$200; members $180.
About the Class
In the early 20th century, artists like Matisse and Picasso exploded traditional vocabularies for painting. They combined colors in jarring ways, rendered objects from multiple perspectives at once, and embraced ambiguity. In music, meanwhile, composers explored unconventional harmonies and introduced kaleidoscopic, often “primitive”-sounding rhythms.
In this course co-taught by an art historian and two classically trained musicians, analyze the relationships between early modern painting and music. Learn to hear atonality in music as you look at it in painting; think about “open” musical space in relation to cubism; and understand why Matisse thought of his color combinations as “chords.”
Martha Lucy is deputy director for education and public programs and curator at the Barnes. She is the co-author of Renoir in the Barnes Foundation and has published many essays on the art and visual culture of late-19th-century France.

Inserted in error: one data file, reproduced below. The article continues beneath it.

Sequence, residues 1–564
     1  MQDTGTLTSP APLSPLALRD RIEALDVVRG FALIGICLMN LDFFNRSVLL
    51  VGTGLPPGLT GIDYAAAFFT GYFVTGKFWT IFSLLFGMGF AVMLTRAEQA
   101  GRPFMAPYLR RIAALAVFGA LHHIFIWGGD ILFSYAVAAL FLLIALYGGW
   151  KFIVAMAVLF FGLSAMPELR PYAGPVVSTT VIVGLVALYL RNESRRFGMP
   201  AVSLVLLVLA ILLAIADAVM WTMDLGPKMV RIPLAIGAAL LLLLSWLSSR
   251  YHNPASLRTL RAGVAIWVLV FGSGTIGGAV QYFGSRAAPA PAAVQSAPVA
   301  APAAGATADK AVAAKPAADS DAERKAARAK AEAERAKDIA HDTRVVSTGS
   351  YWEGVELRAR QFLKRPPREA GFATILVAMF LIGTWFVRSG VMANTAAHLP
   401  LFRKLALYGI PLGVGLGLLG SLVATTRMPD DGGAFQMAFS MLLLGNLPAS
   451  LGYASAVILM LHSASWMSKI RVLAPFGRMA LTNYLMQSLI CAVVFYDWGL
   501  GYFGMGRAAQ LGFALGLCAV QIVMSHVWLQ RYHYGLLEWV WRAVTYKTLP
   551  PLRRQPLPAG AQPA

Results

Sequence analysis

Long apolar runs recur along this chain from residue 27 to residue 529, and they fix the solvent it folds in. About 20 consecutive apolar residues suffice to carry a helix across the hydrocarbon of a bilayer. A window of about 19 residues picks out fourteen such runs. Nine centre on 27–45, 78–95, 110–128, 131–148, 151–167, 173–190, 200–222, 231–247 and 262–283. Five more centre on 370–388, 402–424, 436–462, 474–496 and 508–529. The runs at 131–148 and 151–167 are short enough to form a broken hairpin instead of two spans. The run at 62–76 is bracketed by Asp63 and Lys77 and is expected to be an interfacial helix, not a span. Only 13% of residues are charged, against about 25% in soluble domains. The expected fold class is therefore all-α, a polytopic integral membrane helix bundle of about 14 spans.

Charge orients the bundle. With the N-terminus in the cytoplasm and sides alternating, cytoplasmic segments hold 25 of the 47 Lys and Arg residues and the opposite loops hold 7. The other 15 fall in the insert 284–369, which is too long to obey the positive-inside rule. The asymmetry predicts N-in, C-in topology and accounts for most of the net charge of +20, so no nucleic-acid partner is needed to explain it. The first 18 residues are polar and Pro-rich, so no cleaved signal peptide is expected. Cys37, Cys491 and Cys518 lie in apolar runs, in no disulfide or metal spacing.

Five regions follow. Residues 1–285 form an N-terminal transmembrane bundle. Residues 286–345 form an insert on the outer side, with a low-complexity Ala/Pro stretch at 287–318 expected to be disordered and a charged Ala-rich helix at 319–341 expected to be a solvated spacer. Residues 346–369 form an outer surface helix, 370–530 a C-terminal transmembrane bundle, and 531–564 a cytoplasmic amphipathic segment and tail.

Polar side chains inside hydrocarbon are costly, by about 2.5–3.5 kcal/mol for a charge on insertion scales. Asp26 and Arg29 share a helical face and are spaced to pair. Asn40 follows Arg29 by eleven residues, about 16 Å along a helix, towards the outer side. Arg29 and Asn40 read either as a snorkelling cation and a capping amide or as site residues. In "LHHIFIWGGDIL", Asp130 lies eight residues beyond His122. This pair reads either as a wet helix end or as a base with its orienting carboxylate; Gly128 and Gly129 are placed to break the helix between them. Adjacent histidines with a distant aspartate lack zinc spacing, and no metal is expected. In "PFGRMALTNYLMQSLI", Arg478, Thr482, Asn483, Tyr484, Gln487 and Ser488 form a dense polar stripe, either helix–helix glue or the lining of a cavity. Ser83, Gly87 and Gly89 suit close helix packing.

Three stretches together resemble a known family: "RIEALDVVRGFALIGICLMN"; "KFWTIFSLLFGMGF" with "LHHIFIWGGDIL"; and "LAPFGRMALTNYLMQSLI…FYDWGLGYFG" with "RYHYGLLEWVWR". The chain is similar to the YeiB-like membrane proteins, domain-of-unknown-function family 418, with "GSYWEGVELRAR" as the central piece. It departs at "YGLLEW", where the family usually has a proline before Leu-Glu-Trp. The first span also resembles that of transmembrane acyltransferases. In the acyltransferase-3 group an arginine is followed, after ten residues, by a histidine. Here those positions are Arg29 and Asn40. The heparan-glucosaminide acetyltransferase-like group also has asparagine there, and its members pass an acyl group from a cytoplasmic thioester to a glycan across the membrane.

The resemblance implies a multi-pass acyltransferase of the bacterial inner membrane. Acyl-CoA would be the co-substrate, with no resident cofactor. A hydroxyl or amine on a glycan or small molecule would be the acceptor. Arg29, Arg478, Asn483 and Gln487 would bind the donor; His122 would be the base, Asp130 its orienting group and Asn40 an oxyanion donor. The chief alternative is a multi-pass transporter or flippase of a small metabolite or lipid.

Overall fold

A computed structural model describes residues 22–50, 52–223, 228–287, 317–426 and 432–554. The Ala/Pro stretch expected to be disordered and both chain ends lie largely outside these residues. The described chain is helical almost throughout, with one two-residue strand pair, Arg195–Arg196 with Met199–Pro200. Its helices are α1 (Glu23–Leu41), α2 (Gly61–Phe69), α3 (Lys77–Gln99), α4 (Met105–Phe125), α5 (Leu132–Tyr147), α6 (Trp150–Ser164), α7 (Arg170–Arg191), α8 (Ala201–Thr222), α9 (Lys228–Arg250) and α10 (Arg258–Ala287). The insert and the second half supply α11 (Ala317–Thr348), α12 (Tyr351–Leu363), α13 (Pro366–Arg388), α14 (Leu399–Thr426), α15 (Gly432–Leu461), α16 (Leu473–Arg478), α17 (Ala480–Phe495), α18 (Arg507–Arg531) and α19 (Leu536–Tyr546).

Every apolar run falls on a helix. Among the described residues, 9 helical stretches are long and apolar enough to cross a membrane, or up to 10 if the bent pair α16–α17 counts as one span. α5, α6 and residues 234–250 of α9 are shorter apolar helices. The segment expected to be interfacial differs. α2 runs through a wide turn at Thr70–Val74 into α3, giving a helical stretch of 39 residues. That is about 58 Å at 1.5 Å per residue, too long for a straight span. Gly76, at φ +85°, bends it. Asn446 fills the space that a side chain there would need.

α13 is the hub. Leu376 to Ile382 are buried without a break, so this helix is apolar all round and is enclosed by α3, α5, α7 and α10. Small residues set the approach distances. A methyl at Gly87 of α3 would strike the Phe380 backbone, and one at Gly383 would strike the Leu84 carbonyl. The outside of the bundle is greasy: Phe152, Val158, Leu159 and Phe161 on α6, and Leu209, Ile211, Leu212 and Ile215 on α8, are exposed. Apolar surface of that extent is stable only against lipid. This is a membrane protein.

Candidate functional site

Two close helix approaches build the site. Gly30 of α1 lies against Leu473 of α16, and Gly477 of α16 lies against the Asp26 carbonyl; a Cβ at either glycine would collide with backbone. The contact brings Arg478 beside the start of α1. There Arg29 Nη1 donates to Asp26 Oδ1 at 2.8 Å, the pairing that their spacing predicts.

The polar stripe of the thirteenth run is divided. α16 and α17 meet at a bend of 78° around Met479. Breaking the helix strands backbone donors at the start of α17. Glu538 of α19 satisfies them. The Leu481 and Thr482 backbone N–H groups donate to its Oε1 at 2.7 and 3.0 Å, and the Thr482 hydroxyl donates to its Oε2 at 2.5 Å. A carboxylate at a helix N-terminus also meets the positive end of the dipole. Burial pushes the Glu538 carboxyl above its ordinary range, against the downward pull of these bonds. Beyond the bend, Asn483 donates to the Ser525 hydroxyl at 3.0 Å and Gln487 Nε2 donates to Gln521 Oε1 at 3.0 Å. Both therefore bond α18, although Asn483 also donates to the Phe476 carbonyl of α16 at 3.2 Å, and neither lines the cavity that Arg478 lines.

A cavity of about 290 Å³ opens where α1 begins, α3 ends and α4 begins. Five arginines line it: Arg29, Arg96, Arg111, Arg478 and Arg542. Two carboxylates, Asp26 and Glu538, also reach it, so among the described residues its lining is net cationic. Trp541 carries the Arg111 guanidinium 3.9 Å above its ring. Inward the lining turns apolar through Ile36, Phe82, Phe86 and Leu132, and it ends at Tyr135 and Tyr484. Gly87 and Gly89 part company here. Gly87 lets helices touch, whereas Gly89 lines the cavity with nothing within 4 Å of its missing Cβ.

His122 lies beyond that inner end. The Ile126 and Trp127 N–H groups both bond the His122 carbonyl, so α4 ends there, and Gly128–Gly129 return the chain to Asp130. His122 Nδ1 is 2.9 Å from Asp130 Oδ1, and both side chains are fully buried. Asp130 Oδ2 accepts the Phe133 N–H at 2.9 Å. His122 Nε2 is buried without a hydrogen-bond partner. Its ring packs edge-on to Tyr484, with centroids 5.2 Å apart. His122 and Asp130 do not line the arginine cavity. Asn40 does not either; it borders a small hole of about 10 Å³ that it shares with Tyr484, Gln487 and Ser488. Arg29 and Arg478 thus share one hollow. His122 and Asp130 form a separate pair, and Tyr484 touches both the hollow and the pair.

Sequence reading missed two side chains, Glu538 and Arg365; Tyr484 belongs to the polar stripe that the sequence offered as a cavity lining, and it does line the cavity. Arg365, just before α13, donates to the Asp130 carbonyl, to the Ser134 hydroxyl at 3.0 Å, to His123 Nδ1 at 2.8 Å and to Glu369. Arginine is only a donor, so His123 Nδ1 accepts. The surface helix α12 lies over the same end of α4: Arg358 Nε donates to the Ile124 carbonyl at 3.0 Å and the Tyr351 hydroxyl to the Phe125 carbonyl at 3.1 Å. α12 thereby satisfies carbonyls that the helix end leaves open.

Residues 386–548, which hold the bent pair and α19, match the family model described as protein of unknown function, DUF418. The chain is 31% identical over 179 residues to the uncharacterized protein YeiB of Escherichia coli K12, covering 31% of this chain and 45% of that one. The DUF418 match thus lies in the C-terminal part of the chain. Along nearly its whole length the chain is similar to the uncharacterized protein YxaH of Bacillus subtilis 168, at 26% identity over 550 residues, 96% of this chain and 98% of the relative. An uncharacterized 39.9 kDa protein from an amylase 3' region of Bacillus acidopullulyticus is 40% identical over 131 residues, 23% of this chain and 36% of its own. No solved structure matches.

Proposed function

Robert Whalen, PhD, is the music director and co-artistic director of the Barnes Ensemble. Previously he served as director of the chamber orchestra at the University of Chicago, assistant conductor with Germany’s WDR Funkhausorchester, and conductor of the Contemporary Music Workshop at the University of Minnesota.
Katherine Skovira, DMA, is co-artistic director of the Barnes Ensemble and musical programming at the Barnes. A Philadelphia native, she is also a singer and contemporary-music specialist and has performed with many of the world’s leading orchestras.